Laughing Heart Hostel is located on the edge of the AT parking lot as you drop into town. Very convenient. It’s run by former thru hikers Chuck Norris (he does look surprisingly like the actor) and Tigger. It’s got about 12 hikers tonight (most in private rooms) plus a few past thru hikers who promise trail magic tonight. I’m in the bunk room with 5 other young men including Goat, Money Maker (he’s raised over $5 thousand for a charity on this hike), and Snorlax,
The Princesses are here. They’ve been to Damascus, VA to drop off some resupply boxes. They were going to hike today, but wanted to avoid the downpour. Maybe they will hike tomorrow. I hope their return to hiking is better than mine. I feel as if I’m breaking in my trail legs all over again! This section felt like I was starting the trail from the beginning.
I’m feeling better. Finally. Now if the weather would just cooperate! It’s been a rough month, weather wise. Hard to imagine it is spring outside. As I write this I’m in a hotel room with the Princesses (Flash, Noodle, Valley Girl and her dog Jake) waiting out a snow storm in the Smokies. Not sure I will be able to get back on the trail tomorrow as planned. In the meantime, I’ve recovered from my virus (Valley Girl is not recovered yet).
Saturday March 22 Burningtown Gap to NOC
We slack packed to the NOC while Flash shuttled the car ahead. The last several miles downhill, but huge blocks of stone “steps.” Clearly for a giant to use. I scooted down on my butt most of the way.
We met with Craftsman (This is his second attempt. He hikes with a kilt and a throwing hatchet, but his pack is tiny), Davinci, Movin’ On, Thin Mint (from Maine. We were FB friends, but this is the first time we’ve met in real life.) and Random Man.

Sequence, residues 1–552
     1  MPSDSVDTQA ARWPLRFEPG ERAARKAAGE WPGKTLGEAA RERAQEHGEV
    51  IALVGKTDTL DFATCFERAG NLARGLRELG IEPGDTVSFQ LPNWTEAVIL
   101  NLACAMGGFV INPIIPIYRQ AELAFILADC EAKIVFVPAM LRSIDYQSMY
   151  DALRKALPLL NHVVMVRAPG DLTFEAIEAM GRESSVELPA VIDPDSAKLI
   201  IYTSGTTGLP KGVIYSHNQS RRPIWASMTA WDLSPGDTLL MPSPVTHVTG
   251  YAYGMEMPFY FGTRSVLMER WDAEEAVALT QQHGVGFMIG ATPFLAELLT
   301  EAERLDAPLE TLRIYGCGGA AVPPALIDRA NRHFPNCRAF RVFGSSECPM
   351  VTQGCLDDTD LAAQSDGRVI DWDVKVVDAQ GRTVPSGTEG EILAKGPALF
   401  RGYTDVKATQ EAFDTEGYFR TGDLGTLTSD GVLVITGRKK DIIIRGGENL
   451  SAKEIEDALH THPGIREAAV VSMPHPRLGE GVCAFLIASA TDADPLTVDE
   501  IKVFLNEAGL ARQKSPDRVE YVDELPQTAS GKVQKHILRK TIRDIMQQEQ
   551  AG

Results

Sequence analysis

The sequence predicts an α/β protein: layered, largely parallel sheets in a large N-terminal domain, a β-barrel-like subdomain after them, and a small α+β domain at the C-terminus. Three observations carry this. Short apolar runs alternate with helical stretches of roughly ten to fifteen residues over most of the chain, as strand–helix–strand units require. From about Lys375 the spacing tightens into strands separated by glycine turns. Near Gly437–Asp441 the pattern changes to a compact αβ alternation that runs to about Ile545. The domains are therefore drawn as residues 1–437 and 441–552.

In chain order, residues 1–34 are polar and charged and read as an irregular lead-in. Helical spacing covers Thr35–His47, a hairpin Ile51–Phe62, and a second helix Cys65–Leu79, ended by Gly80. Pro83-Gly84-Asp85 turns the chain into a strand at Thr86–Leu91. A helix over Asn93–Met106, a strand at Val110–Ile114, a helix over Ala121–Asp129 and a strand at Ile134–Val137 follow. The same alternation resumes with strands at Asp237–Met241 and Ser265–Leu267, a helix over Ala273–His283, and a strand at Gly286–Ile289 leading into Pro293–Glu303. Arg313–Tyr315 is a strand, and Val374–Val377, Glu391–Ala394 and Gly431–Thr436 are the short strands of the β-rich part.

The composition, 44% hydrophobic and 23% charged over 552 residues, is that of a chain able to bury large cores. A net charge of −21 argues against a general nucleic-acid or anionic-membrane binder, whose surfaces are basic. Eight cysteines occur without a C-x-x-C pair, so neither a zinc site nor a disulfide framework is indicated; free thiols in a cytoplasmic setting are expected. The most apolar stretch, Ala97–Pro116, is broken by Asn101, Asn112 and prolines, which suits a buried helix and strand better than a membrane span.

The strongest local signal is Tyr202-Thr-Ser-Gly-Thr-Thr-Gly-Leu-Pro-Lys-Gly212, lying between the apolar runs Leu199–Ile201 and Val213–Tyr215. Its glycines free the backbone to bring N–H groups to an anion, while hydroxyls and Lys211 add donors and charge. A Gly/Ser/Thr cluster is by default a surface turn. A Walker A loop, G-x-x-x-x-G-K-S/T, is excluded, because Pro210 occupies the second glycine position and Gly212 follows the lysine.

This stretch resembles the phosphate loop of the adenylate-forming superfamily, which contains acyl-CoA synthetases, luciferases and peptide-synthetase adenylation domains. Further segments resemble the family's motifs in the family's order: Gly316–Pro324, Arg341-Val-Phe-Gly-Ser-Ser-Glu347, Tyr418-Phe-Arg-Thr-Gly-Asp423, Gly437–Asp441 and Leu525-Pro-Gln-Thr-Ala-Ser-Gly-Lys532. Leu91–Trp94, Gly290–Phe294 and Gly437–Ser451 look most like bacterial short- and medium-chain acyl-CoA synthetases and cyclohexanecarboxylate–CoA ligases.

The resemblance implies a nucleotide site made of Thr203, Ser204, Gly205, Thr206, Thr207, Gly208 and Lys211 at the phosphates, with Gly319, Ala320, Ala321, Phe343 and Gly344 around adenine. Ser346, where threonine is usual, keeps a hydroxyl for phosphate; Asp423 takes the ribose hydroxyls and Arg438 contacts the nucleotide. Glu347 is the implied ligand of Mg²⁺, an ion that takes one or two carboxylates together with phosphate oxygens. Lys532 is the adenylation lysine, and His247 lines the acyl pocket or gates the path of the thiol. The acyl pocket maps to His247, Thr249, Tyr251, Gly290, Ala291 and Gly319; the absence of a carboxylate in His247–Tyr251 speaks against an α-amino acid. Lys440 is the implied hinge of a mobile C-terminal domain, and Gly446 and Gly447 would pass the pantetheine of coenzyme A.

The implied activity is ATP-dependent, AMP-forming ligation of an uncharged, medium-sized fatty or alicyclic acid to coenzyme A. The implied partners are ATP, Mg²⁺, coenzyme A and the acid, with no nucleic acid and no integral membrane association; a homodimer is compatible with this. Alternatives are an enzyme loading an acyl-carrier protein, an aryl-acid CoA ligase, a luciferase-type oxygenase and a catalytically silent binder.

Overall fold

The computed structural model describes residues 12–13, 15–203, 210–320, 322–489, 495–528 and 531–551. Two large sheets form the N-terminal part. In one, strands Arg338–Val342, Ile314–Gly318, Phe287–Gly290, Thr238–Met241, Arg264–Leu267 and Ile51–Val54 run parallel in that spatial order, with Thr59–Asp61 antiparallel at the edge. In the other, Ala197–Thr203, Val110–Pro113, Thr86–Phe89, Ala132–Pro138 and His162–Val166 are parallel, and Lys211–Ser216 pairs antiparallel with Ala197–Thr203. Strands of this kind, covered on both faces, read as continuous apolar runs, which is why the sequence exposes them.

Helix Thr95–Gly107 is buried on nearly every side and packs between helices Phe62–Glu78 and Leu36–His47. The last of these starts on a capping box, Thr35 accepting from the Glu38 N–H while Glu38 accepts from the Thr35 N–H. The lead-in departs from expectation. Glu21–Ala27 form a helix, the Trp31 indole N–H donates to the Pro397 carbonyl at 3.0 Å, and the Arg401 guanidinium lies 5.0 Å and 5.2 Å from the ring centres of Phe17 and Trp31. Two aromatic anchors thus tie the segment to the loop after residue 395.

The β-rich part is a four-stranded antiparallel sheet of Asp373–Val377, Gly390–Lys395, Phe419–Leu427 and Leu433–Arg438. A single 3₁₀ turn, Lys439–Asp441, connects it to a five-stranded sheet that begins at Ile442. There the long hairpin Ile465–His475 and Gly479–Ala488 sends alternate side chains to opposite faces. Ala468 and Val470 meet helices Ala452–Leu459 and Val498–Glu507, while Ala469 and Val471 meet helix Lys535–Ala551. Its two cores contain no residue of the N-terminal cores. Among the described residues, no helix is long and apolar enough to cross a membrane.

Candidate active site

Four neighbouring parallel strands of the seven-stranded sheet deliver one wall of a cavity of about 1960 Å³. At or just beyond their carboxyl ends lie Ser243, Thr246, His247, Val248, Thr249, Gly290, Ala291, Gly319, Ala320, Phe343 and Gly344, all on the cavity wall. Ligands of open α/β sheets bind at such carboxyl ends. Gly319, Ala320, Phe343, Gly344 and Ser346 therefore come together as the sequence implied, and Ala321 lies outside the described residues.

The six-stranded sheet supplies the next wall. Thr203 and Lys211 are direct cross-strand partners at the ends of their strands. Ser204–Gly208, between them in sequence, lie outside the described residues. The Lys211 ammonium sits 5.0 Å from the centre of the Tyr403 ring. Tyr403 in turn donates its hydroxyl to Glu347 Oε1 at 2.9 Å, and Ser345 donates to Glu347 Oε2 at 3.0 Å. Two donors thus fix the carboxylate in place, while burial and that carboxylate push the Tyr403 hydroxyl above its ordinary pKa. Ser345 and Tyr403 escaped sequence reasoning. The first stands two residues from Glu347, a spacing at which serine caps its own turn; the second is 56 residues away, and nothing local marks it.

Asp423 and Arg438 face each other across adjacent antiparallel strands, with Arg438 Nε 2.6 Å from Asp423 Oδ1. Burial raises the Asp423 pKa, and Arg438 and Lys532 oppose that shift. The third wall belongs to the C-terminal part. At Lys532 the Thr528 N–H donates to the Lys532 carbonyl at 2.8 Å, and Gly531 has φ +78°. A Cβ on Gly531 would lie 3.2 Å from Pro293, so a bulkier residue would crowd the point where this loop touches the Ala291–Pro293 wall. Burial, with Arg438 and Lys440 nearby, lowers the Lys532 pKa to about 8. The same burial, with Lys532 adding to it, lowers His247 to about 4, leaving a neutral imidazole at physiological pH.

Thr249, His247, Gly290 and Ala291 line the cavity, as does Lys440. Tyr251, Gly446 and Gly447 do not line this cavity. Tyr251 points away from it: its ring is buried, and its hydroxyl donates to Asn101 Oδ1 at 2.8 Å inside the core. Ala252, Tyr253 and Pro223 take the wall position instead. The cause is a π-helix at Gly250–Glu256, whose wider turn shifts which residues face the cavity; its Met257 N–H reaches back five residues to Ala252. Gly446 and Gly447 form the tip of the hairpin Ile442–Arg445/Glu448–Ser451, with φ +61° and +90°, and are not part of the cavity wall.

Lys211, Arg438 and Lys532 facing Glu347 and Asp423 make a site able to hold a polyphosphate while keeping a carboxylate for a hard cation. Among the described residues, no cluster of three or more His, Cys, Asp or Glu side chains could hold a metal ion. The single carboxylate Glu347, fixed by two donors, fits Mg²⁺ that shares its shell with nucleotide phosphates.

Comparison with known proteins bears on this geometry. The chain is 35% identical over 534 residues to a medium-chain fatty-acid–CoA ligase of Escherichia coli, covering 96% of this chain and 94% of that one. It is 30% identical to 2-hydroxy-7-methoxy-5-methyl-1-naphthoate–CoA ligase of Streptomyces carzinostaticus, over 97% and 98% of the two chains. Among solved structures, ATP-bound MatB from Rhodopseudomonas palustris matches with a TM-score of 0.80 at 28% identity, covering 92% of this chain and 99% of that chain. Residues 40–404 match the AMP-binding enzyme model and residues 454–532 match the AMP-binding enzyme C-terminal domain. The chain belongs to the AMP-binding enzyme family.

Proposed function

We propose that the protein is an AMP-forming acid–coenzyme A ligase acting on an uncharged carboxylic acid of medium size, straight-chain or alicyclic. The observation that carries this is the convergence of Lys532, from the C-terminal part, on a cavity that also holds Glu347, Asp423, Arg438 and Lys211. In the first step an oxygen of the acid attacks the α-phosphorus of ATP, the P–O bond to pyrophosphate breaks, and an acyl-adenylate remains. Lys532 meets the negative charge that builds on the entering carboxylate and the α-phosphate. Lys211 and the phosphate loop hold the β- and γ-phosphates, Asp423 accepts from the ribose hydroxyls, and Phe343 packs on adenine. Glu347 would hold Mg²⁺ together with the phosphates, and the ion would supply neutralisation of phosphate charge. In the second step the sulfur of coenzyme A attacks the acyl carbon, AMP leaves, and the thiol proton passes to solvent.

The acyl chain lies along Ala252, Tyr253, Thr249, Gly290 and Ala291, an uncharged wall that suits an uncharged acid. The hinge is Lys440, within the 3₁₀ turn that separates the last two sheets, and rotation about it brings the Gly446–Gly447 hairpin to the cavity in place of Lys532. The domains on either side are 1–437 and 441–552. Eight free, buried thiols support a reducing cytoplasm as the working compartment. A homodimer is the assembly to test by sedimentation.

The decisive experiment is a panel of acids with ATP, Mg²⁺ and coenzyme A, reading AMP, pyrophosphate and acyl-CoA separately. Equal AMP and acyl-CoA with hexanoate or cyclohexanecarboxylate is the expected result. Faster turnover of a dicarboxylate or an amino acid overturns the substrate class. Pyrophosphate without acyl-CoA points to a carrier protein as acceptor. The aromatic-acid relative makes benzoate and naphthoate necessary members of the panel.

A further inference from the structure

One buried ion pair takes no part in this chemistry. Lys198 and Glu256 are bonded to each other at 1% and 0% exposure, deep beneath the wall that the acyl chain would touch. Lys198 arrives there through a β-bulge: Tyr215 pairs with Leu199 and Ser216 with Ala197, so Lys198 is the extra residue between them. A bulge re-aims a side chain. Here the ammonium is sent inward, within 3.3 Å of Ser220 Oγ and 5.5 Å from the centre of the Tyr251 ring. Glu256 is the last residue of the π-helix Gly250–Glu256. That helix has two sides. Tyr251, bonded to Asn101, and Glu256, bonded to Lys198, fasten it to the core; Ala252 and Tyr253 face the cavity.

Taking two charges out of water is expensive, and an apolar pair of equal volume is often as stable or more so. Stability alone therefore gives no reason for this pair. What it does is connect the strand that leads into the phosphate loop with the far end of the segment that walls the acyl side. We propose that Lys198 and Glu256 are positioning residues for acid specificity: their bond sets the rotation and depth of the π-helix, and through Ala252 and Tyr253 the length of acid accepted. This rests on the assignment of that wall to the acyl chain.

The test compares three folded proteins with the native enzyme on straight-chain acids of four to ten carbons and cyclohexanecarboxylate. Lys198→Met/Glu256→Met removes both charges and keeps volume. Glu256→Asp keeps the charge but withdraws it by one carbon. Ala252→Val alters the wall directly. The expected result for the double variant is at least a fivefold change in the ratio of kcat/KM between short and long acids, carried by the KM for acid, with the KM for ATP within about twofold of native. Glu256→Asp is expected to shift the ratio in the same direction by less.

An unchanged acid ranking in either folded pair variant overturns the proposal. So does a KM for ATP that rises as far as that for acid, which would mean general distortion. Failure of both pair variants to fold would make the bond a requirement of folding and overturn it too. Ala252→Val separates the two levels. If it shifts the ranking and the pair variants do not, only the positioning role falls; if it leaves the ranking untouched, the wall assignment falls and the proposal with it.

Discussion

We were going to drive on from the NOC but more and more people we knew kept coming so we just couldn’t leave. Ate at the River’s End restaurant, along the Natahala. We watched the US open Kayak trials while Dining.
We’d decided not to stay at the hostel at NOC, but to drive on to Fontana Dam and set up the tents. We helped Fresh Ground with the Leap Frog cafe. Fresh Ground is a section hiker who started feeding hikers last year with the help of his trusty rescue dog, Dottie. He started at Woody Gap and moved to Fontana about 10 days ago, feeding all the hikers who come by. As many as can do help, donate, get water, cook or wash up. No idea how he affords to take so much time off, but he seems to really take joy in it. He accepts donations, but only uses the money for food, not his own expenses. Fresh Ground is a special Trail Angel.
The shelter at Fontana Dam is referred to as the Fontana Hilton because there is a a bath house with running water and shower. It’s also a large shelter with lots of room and a fire pit.
Flash spent much of the afternoon and evening shuttling hikers to the General store, laundry and post office. The rest of the group spent the evening at the shelter and ate at the Leap Frog Cafe. I was suddenly exhausted and took a two hour nap in my tent Instead of socializing. Still had no trouble sleeping that night, so I guess I needed it.
Sunday March 23 zero day
The rain came in overnight so we had wet tents to pack up. I ate eggs and fried potatoes at the shelter while Flash shuttled 3 car loads of hikers. The weather forecast looks a bit improved for the next three days, but still a rain/snow/freezing mix predicted for the Smokies.
We plan to continue to heal and wait out the weather at an inexpensive campground a bit north of here. If this forecast is accurate I plan to have the Princesses drop me off in the Smokeys to continue my hike north After the weather passes. I like their plan of skipping the section, going to Hot Springs, NC and hiking to their end point in Virginia. They would then back track in the car and hike south through the Smokes. I’d go with them but am concerned I’ll have an expensive shuttle back to mid Virginia. Or will bypass the entire section.
Our drive takes us through the Tail of The Dragon, a winding 20 mile section of two lane blacktop popular with motorcycles. By noon we were in thick fog driving 20mph. It was a difficult drive.